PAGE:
Futures and stocks are two of the most widely available financial products to ordinary investors. Each of these investments may provide a return on your investment, but for very different reasons. Both include substantial hazards, although futures are often seen as riskier than stocks. Many investors gravitate toward one or the other, and they may be stock investors, futures hedgers, or market speculators. Should you invest in futures or stocks? To shed light on the subject, we compare the risks and rewards of investing in futures vs. stocks.
Investing in Futures, or futures contracts, and stock are two entirely different types of investments. Stock is an example of equity security. When you purchase a stock, you are a part-owner of a business. If the stock’s price increases above what you paid for it and you sell it, you earn a profit by capitalizing on the increase. You can lose money, but only up to the value of your stock investment plus transaction expenses.
When you invest in futures, you are essentially signing a contract rather than purchasing a piece of a company. The contract specifies that you will pay a specified price for the underlying item at a specified future date. In effect, you are betting that the underlying asset will cost a specific price on a specific day, the futures contract’s expiration date. A commodity or a currency may be used as the underlying asset, and however, it could also refer to a financial asset such as a stock or bond. Futures are typically short-term investments with a one-year or less maturity.
Futures, like stocks, are exchanged on an established exchange, and a futures exchange establishes the contract’s terms and makes it tradeable.
The most significant and noticeable risk associated with entering into a futures contract is that trades can go against you. For instance, suppose you purchase 10,000 gallons of gasoline on a futures contract for delivery in three months for $2 per gallon. If the price of gasoline increases to $2.25 per gallon by the futures contract’s expiration date, you, the buyer, profit. You paid only $2 per gallon. However, suppose the price of fuel lowers to $1.75 per gallon. You must continue to pay $2 per gallon to meet your contract obligations. As a result, you save $0.25 a gallon. Not only have you lost your initial investment of $2 per gallon, but you’ve also lost an extra $0.25 per gallon due to the depreciation in the price of gasoline relative to the price you agreed to pay.
Another risk associated with futures trading is the demand for margin. When you purchase a futures contract, you are often not required to pay the entire amount at the time of purchase. Alternatively, you can use your brokerage account to pay a portion of the contract’s value and borrow the remainder from your broker. Because futures contracts are marked to market, you may need to make periodic deposits to your margin account to meet your margin needs. A performance bond is a term that refers to your deposit. If you lose money on a futures contract, you will also lose the margin money. Additionally, you can sell futures short without requiring a market rise.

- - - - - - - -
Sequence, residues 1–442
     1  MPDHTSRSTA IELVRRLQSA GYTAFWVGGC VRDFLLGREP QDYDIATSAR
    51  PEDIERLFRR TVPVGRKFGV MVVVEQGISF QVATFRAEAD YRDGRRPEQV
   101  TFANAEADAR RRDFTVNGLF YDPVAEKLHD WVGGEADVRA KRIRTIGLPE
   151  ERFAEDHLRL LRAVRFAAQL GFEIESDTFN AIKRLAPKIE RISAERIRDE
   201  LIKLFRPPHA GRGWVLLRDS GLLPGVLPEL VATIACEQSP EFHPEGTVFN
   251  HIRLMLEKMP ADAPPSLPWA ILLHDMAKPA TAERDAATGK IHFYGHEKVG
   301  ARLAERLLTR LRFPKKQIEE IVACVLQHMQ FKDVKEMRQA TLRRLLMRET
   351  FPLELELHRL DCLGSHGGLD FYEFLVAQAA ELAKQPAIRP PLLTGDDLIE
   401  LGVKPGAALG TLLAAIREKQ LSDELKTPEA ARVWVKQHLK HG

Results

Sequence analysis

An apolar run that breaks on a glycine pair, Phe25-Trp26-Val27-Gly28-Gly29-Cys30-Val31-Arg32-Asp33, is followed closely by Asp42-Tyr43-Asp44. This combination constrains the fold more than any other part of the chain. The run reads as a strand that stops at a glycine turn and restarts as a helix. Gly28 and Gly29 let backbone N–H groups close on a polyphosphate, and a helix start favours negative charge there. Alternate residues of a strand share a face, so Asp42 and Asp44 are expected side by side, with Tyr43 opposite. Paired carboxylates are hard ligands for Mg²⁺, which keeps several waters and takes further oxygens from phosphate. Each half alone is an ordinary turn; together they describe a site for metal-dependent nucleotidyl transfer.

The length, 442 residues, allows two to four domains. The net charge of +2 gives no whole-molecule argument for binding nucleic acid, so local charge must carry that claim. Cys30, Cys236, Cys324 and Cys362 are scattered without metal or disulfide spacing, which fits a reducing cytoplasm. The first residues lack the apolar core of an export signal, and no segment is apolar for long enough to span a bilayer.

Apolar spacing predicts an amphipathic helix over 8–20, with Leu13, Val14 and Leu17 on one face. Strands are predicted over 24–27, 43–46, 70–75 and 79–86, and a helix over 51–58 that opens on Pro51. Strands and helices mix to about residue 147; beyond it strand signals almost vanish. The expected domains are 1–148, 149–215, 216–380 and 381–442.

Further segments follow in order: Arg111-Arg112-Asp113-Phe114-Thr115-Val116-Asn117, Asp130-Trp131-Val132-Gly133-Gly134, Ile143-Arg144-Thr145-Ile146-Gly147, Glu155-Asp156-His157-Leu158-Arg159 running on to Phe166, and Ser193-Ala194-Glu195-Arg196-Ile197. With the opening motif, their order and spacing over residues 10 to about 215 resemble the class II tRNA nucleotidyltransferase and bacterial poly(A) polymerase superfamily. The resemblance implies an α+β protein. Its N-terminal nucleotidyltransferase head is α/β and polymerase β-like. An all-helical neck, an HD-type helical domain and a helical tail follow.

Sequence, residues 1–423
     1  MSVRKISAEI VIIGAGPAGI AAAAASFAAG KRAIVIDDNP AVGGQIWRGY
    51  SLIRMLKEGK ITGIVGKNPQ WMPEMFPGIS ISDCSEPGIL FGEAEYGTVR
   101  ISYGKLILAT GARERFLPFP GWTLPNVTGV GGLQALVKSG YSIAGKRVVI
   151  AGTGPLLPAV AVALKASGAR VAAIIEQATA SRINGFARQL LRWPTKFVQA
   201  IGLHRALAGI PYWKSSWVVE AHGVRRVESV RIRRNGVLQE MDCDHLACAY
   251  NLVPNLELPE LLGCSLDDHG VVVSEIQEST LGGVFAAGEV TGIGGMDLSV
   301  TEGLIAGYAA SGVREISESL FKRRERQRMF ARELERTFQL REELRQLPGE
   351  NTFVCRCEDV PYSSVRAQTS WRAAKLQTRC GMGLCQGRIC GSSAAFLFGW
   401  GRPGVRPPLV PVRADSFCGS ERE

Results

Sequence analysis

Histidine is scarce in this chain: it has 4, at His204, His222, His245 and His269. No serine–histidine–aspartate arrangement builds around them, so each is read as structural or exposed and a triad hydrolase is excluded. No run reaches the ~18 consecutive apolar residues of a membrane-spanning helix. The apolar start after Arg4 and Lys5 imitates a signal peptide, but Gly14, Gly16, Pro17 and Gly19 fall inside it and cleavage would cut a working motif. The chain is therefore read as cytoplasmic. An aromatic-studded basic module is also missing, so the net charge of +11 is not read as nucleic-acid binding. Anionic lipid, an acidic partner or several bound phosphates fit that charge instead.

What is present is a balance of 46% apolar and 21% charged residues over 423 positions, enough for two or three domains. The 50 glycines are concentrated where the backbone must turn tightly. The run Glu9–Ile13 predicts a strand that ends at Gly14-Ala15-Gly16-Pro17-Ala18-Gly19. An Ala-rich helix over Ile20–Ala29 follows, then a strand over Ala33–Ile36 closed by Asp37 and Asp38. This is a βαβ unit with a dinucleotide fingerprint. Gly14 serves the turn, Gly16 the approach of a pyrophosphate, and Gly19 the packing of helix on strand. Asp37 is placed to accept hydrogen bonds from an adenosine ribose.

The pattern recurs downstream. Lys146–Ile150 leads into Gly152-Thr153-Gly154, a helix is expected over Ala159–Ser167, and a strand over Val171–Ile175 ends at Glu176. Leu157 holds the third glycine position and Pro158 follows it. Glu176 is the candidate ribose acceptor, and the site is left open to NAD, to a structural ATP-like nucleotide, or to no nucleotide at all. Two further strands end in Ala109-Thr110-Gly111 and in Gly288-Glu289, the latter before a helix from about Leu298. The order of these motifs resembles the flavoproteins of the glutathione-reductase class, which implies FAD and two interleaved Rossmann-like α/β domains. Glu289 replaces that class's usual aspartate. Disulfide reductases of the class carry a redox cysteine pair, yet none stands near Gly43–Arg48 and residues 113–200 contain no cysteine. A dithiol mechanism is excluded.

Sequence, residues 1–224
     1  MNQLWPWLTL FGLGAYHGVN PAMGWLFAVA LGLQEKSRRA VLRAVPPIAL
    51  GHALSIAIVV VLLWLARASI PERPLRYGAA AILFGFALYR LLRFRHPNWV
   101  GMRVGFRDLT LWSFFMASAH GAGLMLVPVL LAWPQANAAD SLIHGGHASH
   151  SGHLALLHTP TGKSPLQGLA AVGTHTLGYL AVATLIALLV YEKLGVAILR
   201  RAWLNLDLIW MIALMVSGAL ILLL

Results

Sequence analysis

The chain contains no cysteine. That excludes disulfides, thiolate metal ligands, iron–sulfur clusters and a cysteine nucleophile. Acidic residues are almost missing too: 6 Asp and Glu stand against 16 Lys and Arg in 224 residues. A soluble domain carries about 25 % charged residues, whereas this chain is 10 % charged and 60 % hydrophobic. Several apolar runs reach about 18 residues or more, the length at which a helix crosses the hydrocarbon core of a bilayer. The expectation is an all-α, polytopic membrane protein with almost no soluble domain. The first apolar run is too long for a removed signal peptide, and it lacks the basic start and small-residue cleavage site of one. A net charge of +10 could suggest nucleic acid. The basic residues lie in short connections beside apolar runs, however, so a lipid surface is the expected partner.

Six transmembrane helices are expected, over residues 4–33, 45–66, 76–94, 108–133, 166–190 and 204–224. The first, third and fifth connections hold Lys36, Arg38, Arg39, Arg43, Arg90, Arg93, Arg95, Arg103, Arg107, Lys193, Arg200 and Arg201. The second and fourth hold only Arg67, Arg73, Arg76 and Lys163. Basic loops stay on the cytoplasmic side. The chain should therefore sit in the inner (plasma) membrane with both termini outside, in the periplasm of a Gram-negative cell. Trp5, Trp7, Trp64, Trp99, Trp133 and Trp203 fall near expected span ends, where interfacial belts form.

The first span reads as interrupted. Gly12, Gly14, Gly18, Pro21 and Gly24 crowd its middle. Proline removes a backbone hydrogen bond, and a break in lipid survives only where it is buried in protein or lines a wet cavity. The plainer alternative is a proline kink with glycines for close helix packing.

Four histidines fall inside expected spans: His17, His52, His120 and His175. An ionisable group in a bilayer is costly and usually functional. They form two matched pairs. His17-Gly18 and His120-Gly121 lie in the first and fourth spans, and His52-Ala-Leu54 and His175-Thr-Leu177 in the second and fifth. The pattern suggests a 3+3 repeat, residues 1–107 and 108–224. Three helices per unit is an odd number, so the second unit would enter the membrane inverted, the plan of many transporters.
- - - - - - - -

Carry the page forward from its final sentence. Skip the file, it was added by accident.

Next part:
Even while the futures market is more liquid and arguably more efficient than the stock market, possibly the most significant risk associated with futures investing is the possibility of losing far more than your initial investment.
When you purchase a stock, you are truly purchasing a small piece of a corporation, even if all you receive is a paper certificate. Investing in stocks necessitates extensive research, which is only achievable if you have above-average financial and stock market understanding.
Stock vs. Futures
To determine whether to trade only stocks or futures, one must first comprehend the similarities and distinctions between the two. Among the similarities is the opportunity to diversify your investments; both stocks and futures markets can provide exposure to various businesses and sectors. Additionally, both classes of securities are liquid. You may typically buy and sell stocks at any time, providing you with convenient and rapid access to your money. Additionally, the futures market is exceptionally liquid, with futures contracts exchanged continuously.
Additionally, both stocks and futures can be used to generate cash. Numerous stocks produce current revenue via dividends. Futures contracts generate cash flow daily as they are marked to market, but that cash flow can be either positive or negative.
However, there is a significant difference between stock and futures, aside from the significantly more considerable risk associated with futures. Cost is one such distinction. Investing in stocks does not entail the significant transaction costs associated with futures trading. Additionally, their temporal horizons are markedly different. Typically, stock investments are made for the long term, in part due to the tax implications. Capital gains on short-term investments are taxed at a greater rate than capital gains on long-term investments. Futures contracts are short-term investments with a maturity of less than one year.
To summarize, here are the key difference between stocks and futures:
|Represents||A part of a company||A contract to buy or sell at a predetermined date and price|
|Issued by||A company||An exchange|
|Timeframe||Typically (not always) long term||Typically short term|
|Value at Risk||Traders can lose more than the initial investment||Max that can be lost is the initial investment (if the stock goes to zero)|
Consider all of these criteria when deciding whether to invest in futures or stocks (or both). Despite some of the advantages of futures trading, it is not a game for inexperienced or tiny investors. You’ll need a firm grasp of the futures market and the assistance of financial pros. However, investing is a personal decision that ultimately boils down to your risk tolerance, time horizon, and investment objectives.